Letter names, letter sounds, and the whole alphabet
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Welcome to At the River News

February 2017
Happy February! This month, I'll share some thoughts about teaching letter names and letter sounds. I'll also discuss the best way to teach the alphabet: all at once, or in smaller doses? I have included a photo; if you don't see it, click on "view this email in your browser."

If you're attending TESOL in Seattle, please join me for a Pre Conference Institute on March 21. Laurel Pollard and I are co-presenters. It's called "Slow Down: Guide True Beginners to Mastery with Deep Learning." Also, I'm offering a session on Scaffolded Reading at 5pm on March 23. 

I'll also offer the Scaffolded Reading session at the NC State ESL Symposium in Raleigh, NC on May 19-20. Hope to see some of you there. 

Feel free to forward this newsletter to colleagues. New subscribers: send me an email and I'll add you to the mailing list. Remember that you can unsubscribe anytime. You can find previous newsletters in the archives:

I welcome your questions and feedback!

Shelley Hale Lee
At the River and Other Stories for Adult Emergent Readers
Letter names? Letter sounds? What's the big deal? 
Before my 3 year old son started a Montessori preschool, he went to a summer program at the parks and rec department. The Montessori teacher asked, "Are they teaching letter names or letter sounds? I hope he's learning the sounds." I thought, what's the difference, and why does it matter? It turned out that the summer program was teaching sounds, not names. I later learned this: 
Letter names help students spell words. 
Letter sounds help students read words. 

So, let's use letter sounds in class more often than names.
Letter names: What are they good for?  
It's important to teach letter names because beginners need to spell their first and last name, their street name, and the names of family members. Typically, during the first week of class, I give students a simple sheet with the whole alphabet, upper and lowercase. Students practice the letter names and learn how to spell their first and last names. Some students refer to this alphabet sheet regularly throughout the quarter.
Using letter sounds in class
After this first spelling exercise, I have found it most effective to stop emphasizing letter names and start teaching the sounds of the letters. I use flash cards for letter/sound practice daily. The best flash cards for ESL students include a picture of a key word, like apple for /a/.  Using sounds, not letter names, helps my students learn to decode English more quickly. See this post by Sue Watson for a review of single consonant and short vowel sounds:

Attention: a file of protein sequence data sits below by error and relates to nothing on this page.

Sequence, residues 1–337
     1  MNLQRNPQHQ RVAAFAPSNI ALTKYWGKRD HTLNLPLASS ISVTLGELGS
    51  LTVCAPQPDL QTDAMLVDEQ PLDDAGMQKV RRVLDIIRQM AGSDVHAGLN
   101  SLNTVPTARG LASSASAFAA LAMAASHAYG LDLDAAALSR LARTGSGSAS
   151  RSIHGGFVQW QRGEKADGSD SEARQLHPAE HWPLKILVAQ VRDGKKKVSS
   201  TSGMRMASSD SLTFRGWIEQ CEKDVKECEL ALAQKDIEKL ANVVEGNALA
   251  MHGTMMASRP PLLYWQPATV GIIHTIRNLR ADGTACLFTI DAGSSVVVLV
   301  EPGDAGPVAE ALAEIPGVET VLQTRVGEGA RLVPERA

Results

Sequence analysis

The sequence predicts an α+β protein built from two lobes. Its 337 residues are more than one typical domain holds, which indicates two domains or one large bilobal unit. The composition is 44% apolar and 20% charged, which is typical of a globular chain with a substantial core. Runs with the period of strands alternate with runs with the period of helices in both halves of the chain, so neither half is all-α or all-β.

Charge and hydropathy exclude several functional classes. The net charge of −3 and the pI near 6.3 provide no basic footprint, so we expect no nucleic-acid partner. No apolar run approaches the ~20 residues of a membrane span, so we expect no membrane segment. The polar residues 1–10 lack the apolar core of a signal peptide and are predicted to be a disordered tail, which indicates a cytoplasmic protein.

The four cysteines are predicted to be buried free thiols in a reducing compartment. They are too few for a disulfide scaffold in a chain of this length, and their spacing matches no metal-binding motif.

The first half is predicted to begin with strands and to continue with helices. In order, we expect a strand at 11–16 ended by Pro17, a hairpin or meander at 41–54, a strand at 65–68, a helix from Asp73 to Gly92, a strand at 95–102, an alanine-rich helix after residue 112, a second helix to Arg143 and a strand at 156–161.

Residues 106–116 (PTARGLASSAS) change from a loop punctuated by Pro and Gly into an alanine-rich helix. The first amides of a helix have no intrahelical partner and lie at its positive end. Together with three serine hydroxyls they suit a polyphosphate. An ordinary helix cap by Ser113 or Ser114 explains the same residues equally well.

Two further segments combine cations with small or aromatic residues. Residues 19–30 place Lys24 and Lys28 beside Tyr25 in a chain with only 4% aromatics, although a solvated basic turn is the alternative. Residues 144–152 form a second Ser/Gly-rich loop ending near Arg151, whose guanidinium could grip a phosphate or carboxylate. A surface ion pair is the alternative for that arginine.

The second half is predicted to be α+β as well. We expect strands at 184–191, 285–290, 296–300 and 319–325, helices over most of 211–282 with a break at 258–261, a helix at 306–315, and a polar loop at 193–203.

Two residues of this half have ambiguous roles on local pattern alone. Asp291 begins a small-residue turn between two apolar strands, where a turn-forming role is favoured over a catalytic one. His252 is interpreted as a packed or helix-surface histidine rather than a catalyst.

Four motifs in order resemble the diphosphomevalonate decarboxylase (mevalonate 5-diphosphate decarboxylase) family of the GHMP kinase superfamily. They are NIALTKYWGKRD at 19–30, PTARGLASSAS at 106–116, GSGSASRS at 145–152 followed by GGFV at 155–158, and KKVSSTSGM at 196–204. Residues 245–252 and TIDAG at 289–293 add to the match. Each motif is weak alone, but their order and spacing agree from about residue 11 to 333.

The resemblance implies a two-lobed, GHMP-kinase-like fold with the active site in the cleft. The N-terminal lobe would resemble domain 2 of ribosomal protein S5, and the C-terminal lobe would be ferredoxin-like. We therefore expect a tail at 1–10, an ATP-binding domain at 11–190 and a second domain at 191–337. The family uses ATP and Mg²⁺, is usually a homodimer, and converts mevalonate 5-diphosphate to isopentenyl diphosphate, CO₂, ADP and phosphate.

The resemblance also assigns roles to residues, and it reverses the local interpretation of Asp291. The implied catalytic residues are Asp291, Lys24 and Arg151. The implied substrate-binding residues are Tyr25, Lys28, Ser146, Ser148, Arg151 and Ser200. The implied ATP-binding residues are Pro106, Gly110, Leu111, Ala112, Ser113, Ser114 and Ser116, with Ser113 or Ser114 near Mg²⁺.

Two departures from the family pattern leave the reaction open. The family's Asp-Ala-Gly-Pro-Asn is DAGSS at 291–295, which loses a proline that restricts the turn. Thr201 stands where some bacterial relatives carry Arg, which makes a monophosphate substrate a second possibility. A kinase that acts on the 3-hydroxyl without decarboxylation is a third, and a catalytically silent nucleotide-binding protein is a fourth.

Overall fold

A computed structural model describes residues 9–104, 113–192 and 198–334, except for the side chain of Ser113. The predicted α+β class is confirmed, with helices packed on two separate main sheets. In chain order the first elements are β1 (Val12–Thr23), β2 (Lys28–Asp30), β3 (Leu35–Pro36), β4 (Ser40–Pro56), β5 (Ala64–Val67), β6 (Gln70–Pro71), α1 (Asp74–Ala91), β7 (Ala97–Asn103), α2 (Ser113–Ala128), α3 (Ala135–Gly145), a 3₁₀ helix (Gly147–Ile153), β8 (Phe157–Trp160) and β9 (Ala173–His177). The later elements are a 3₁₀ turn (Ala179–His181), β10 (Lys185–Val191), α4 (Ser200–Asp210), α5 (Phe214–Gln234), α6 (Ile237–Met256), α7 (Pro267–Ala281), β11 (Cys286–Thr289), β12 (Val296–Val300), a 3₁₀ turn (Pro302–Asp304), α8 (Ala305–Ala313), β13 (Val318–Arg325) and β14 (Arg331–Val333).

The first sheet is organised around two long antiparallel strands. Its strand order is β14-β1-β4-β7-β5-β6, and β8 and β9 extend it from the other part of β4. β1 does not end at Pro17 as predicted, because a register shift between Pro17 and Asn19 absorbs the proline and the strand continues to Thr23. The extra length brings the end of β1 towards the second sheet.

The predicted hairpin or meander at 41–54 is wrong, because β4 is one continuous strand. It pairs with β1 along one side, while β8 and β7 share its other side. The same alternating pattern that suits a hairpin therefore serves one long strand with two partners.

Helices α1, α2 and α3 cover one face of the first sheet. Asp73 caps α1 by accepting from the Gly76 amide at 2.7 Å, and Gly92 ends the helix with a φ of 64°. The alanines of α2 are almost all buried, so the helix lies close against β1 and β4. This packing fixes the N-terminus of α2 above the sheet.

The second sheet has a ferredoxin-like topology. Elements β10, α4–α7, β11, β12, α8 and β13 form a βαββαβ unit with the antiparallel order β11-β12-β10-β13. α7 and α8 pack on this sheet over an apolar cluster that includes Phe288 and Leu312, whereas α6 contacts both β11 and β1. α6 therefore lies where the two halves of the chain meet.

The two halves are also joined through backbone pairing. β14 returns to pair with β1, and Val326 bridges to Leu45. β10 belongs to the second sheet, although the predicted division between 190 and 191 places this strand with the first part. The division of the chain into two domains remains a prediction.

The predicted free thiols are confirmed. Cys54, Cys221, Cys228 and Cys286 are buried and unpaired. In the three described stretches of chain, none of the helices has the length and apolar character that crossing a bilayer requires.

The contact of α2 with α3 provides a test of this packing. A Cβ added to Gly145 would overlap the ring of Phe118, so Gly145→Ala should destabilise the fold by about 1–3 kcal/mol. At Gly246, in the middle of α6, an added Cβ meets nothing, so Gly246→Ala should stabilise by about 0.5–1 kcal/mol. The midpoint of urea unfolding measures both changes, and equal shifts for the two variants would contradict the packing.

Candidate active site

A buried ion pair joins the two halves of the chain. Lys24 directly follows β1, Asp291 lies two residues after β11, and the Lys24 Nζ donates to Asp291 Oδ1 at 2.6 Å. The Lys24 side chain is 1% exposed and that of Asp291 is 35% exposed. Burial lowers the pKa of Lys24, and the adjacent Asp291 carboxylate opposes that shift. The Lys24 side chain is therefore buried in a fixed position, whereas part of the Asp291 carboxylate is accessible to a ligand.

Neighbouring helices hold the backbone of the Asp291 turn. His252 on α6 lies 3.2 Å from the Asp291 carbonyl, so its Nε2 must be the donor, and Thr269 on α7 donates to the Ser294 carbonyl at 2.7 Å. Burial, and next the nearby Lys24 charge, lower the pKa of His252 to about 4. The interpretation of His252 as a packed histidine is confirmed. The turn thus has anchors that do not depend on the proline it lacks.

Teach letter sounds in small groups
I've found that it's best to teach a few sounds at once, and to avoid teaching all of the short vowels at the same time. For ESL students, the short vowels sound very similar and are easily confused. That's why At the River teaches 4-5 sounds at a time and spreads out the short vowels. The goal is to teach each letter group or short vowel to mastery before adding more sounds. 
How to teach letter sounds
For me, flash cards with a clear picture of a key word for each sound provide the best way to teach letter sounds. Simple key words, like apple for /a/, bed for /b/, cat for /c/, door for /d/, and egg for /e/, help students learn and retain the sounds. Each unit of At the River introduces several new consonants or a new short vowel. During reading instruction, I start with a flash card drill on all of the sounds previously taught. You'll find two short video demonstrations of flash card practice at
Which flash cards are best for adults?
Many kinds of flash cards are available, but most are clearly designed for children. I have found some cards that are appropriate for adult students. PhonicsQ is a large set of cards that includes single consonants, short and long vowels, and consonant blends. TREND also has two sets of cards that use simple photographs for key words: Alphabet Pocket Flash Cards and Phonics Pocket Flash Cards. These are available online or at teacher supply stores. Some teachers make their own flash cards. Just be sure that if you are teaching short vowels, your key words actually start with the short vowel sound. For example, use apple, egg, India, October, and umbrella, not August, ear, ice, owl, and uniform. And be careful with x: xylophone teaches /z/, not /ks/ which is the most common sound of x. How about box or six instead?  
Using the decodable stories in At the River helps beginners learn to read, but they also need to read other "survival English" vocabulary words.

You can use the flash cards to connect reading/phonics instruction with "regular" ESL vocabulary words. This mini lesson on classroom vocab shows an easy way to do it: 1) Provide plenty of interactive speaking and listening practice with classroom realia. Don't put the words on the board yet. 2) When students are comfortable and confident saying the words, write the words on the board and ask students to repeat them several times. 3) Review consonant sounds using flash cards. To keep it simple, don't address vowel sounds at this time. 4) Students identify letters/sounds by underlining the sound in all of the words. Hold up the flash card for /r/. Students produce the /r/ sound. A volunteer underlines each r that appears in the list. Continue with more consonant sounds. This helps students build connections between the sound and the letter, the phoneme and the grapheme. It increases their automaticity in recognizing the consonant sounds, which usually don't change (unlike the vowels).
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